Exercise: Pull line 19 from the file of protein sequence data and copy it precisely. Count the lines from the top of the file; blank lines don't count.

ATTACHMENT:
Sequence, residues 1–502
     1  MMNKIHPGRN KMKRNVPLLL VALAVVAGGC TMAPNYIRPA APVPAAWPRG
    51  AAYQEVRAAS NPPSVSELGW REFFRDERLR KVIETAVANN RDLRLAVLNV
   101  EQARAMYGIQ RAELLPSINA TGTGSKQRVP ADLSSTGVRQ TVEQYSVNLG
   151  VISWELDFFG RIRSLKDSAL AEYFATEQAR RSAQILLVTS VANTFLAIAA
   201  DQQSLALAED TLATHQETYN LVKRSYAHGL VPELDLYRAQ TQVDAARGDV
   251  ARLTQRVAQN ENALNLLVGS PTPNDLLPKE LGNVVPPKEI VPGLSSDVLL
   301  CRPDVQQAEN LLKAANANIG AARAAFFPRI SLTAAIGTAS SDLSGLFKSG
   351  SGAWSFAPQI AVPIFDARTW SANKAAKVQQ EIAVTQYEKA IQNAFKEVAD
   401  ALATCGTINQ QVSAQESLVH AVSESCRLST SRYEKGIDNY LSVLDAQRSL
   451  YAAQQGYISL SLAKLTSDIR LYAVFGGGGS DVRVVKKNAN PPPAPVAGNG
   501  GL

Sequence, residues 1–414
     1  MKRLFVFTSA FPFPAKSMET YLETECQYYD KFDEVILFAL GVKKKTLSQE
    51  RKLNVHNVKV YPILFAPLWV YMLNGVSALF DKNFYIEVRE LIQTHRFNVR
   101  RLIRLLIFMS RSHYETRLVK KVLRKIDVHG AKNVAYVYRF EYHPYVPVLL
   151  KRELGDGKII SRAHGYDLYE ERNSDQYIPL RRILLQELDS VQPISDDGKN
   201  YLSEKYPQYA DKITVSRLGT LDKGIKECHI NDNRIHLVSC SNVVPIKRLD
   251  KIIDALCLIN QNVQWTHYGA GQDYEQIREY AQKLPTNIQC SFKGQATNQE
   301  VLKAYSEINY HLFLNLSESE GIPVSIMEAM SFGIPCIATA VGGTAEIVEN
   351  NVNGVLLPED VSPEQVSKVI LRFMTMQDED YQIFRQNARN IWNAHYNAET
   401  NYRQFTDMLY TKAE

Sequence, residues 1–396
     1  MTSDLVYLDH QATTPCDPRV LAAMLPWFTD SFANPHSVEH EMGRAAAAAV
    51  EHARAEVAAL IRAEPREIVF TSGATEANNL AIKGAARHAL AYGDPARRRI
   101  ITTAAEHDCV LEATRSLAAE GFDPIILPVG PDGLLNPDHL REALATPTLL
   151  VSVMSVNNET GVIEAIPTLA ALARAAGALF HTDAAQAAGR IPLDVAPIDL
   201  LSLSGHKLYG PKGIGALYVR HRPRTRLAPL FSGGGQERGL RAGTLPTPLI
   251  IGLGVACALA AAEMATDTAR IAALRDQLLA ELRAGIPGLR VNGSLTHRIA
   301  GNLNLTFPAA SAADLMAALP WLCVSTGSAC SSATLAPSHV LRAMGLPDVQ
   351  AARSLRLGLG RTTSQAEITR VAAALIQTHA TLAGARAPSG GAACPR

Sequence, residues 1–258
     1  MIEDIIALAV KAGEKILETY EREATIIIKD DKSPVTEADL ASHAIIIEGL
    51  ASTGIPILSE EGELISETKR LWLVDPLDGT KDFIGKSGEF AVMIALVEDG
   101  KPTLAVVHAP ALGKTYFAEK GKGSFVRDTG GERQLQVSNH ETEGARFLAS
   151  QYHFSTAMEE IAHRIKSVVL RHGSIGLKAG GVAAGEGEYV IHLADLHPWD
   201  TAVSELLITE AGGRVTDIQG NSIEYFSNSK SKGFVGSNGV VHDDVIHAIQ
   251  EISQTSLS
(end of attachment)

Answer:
   251  KIIDALCLIN QNVQWTHYGA GQDYEQIREY AQKLPTNIQC SFKGQATNQE